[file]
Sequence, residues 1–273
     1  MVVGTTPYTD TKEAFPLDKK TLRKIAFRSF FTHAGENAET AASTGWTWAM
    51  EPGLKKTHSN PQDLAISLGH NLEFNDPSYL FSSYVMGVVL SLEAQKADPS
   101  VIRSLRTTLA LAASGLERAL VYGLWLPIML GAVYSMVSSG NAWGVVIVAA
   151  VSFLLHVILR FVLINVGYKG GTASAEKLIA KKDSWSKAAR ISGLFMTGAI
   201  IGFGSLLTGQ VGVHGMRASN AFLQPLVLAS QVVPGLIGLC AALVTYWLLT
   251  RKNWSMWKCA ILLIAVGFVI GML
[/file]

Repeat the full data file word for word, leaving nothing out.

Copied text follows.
Sequence, residues 1–273
     1  MVVGTTPYTD TKEAFPLDKK TLRKIAFRSF FTHAGENAET AASTGWTWAM
    51  EPGLKKTHSN PQDLAISLGH NLEFNDPSYL FSSYVMGVVL SLEAQKADPS
   101  VIRSLRTTLA LAASGLERAL VYGLWLPIML GAVYSMVSSG NAWGVVIVAA
   151  VSFLLHVILR FVLINVGYKG GTASAEKLIA KKDSWSKAAR ISGLFMTGAI
   201  IGFGSLLTGQ VGVHGMRASN AFLQPLVLAS QVVPGLIGLC AALVTYWLLT
   251  RKNWSMWKCA ILLIAVGFVI GML